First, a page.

Robust age, but limited sex, differences in mu-opioid receptors in the rat brain: relevance for reward and drug-seeking behaviors in juveniles.

Journal Article (Journal Article)

In the brain, the µ-opioid receptor (MOR) is involved in reward-seeking behaviors and plays a pivotal role in the mediation of opioid use disorders. Furthermore, reward-seeking behaviors and susceptibility to opioid addiction are particularly evident during the juvenile period, with a higher incidence of opioid use in males and higher sensitivity to opioids in females. Despite these age and sex differences in MOR-mediated behaviors, little is known regarding potential age and sex differences in the expression of MORs in the brain. Here, we used receptor autoradiography to compare MOR binding densities between juvenile and adult male and female rats. Age differences were found in MOR binding density in 12 out of 33 brain regions analyzed, with 11 regions showing higher MOR binding density in juveniles than in adults. These include the lateral septum, as well as sub-regions of the bed nucleus of the stria terminalis, hippocampus, and thalamus. Sex differences in MOR binding density were observed in only two brain regions, namely, the lateral septum (higher in males) and the posterior cortical nucleus of the amygdala (higher in females). Overall, these findings provide an important foundation for the generation of hypotheses regarding differential functional roles of MOR activation in juveniles versus adults. Specifically, we discuss the possibility that higher MOR binding densities in juveniles may allow for higher MOR activation, which could facilitate behaviors that are heightened during the juvenile period, such as reward and drug-seeking behaviors.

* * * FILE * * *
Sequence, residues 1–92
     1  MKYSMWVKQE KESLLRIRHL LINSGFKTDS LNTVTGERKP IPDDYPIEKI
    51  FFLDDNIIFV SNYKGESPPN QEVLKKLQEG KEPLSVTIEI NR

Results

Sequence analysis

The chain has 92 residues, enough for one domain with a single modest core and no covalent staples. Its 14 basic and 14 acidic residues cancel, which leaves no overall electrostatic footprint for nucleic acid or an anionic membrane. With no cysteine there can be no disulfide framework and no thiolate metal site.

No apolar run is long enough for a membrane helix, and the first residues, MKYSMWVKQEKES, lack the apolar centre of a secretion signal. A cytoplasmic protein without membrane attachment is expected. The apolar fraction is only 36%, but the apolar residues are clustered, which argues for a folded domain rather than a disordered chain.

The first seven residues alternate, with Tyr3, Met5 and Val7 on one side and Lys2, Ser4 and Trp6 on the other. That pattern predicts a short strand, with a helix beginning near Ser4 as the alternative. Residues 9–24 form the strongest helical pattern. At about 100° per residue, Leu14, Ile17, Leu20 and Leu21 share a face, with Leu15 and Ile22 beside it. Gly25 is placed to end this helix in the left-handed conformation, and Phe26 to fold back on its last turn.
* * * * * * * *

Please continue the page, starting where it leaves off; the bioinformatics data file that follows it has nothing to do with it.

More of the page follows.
Full Text

Duke Authors

Cited Authors

  • Smith, CJW; Ratnaseelan, AM; Veenema, AH

Published Date

  • January 2018

Published In

Volume / Issue

  • 223 / 1

Start / End Page

  • 475 - 488

PubMed ID

  • 28871491

Pubmed Central ID

  • PMC5772146

Electronic International Standard Serial Number (EISSN)

  • 1863-2661

International Standard Serial Number (ISSN)

  • 1863-2653

Digital Object Identifier (DOI)

  • 10.1007/s00429-017-1498-8


  • eng